A researcher at MilliporeSigma, the life science business of Merck KGaA, Darmstadt, Germany, investigates the ability of tentacle ion-exchange media to remove viruses effectively in monoclonal antibody purification processes.

Manufacturers strive toward cost-effective purification of target molecules and a high level of confidence that their biologics are safe and not compromised by the presence of endogenous retrovirus-like particles or adventitious viruses (1). Reliable reduction of viral particles throughout downstream purification processes must be ensured through different techniques such as chemical treatment, filtration, and chromatography. Common monoclonal antibody (MAb) purification schemes use both cation- and anion-exchange chromatography steps (CEX, AEX). Although CEX (to remove product- and process-related impurities) is not generally considered robust enough for virus reduction, in some conditions it has made a significant contribution to virus removal. By contrast, AEX (a polishing step in MAb purification) is generally considered as a robust step for virus reduction.

Tentacle ion exchangers are chromatography media comprising porous hydrophilic polymeric base beads with grafted functional polymers, which can be either AEX (e.g., trialkylammonium, dialkylammonium) or CEX groups (e.g., sulfonate, carboxyl) on particle surfaces. Those surface polymers (tentacles) interact with charged groups or patches on biomolecule surfaces and efficiently bind impurities or target molecules of interest under appropriate operating conditions. Tentacle ion exchangers have been shown to successfully remove viruses in different MAb purification applications.

This article provides a comprehensive review of previously published applications of tentacle ion-exchange media for virus removal in the purification of MAbs. Different types of tentacle chromatography media (e.g., CEX, AEX), as well as various modes of operation (e.g., bind and elute, flowthrough, weak partitioning) will be discussed.

Tentacle Cation Exchangers
Downstream MAb purification schemes link several unit operations that offer multiple opportunities for virus removal using different mechanisms. Some techniques rely on chemical sensitivity of viruses, others on virus charge or size.

In bind–elute mode, viruses can be separated from a target protein using linear- or step-elution processes, taking advantage of different binding strengths of virus and target proteins to the resin used. Such different binding strengths result in different salt concentrations required for elution of bound moieties and enable separation of viruses from bound protein under appropriate elution conditions. In antibody purification, bind–elute mode often is used in CEX intermediate or polishing chromatography.


Table 1: Characteristics of molecules and achieved xMuLV (log-reduction values (LRV) clearance with Fractogel EMD SO-3 media at pH 5.0 (only data corresponding to >4 LRV shown) (2)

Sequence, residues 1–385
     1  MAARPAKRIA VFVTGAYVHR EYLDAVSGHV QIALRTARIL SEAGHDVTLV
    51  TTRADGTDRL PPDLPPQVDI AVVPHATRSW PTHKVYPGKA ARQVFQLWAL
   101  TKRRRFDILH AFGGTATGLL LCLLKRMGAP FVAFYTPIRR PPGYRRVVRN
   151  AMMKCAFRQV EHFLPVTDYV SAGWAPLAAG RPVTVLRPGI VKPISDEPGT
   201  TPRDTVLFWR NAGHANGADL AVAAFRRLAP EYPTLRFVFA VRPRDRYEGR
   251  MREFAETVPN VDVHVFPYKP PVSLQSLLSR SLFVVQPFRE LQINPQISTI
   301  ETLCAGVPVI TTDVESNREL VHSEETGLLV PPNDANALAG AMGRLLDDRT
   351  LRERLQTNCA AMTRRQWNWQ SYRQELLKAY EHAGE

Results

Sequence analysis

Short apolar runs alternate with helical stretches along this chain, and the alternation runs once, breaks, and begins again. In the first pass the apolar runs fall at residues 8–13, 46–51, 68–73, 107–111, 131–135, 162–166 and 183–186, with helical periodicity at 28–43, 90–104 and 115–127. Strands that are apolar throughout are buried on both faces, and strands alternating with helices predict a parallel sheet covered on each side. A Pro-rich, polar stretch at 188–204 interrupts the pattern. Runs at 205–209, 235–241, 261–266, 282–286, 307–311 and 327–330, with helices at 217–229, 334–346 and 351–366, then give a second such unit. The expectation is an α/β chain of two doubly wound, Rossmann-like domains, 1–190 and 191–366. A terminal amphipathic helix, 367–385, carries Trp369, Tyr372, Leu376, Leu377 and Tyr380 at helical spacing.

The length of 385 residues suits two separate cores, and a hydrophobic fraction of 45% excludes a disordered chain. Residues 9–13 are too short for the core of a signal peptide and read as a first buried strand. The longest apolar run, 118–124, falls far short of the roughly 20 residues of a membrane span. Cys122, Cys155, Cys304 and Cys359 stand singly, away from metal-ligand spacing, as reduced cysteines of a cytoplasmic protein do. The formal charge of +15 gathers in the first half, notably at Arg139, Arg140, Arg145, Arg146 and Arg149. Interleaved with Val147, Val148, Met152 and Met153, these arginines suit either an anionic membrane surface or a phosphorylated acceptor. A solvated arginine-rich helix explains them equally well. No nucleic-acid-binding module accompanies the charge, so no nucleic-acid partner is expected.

Connell-Crowley et al. investigated several CEX resins with regard to their ability to separate viruses from antibodies in bind–elute mode (2). The authors demonstrated that Fractogel EMD SO3 – (M) resin (a methacrylate-based tentacle ion exchanger) effectively and reproducibly removed xenotropic murine leukemia virus (xMuLV), a retrovirus. The resin also effectively removed >5 logs of pseudorabies virus (PRV) in all feed streams tested and >5 logs of Reo-3 virus in two of five feed streams. They observed xMuLV clearance of >4 log reduction values (LRV) at pH 5.0 for 15 of 17 MAb feeds (88%) with different characteristics, impurity levels, and at different loadings (Table 1). In all experiments, product yields of ≥90% were obtained.

Those results demonstrate that the Fractogel EMD SO3 – (M) medium shows very  robust xMuLV clearance regardless of impurity profile, isoelectric point (pI) of MAb, and resin load. However, success in virus clearance depends on run conditions. For xMuLV and Reo-3, clearance was reduced when the pH of the buffer was increased from 5.0 to 6.0. The data suggested weaker electrostatic interactions between the virus and the resin at higher pH, resulting in coelution of virus and MAb product and consequently reduced levels of viral clearance.

A comparison between different Fractogel cation exchangers showed stronger binding of xMuLV to Fractogel EMD SO3– (M) (a strong CEX resin) than to Fractogel EMD COO (M) medium (a weak cation exchanger). The higher binding strength of the virus to strong CEX resin results in higher elution conductivities for the virus and a more efficient separation of xMuLV from the MAb. The researchers made a similar observation when they compared xMuLV elution profiles from the methacrylate-based tentacle CEX resin Fractogel EMD SO3– (M) with the agarose-based SP Sepharose Fast Flow cation exchanger (from GE Healthcare Life Sciences). Fractogel EMD SO3– (M) showed higher binding strength and elution of xMuLV with higher salt concentration, implying more efficient separation and improved viral clearance. The binding capacity of Fractogel EMD SO3– (M) resin is significantly higher than that of SP Sepharose Fast Flow cation exchanger (35). The elution window of xMuLV on Fractogel EMD SO3– (M) resin at pH 5.0 was observed to be 350–800 mM NaCl. By contrast, all MAbs listed in Table 1 eluted at significantly lower sodium chloride levels than xMuLV under those conditions. Consequently, effective separation of virus from a MAb on Fractogel EMD SO3– (M) resin in bind–elute mode can be achieved reliably when a target protein is eluted at a lower ionic strength than the virus.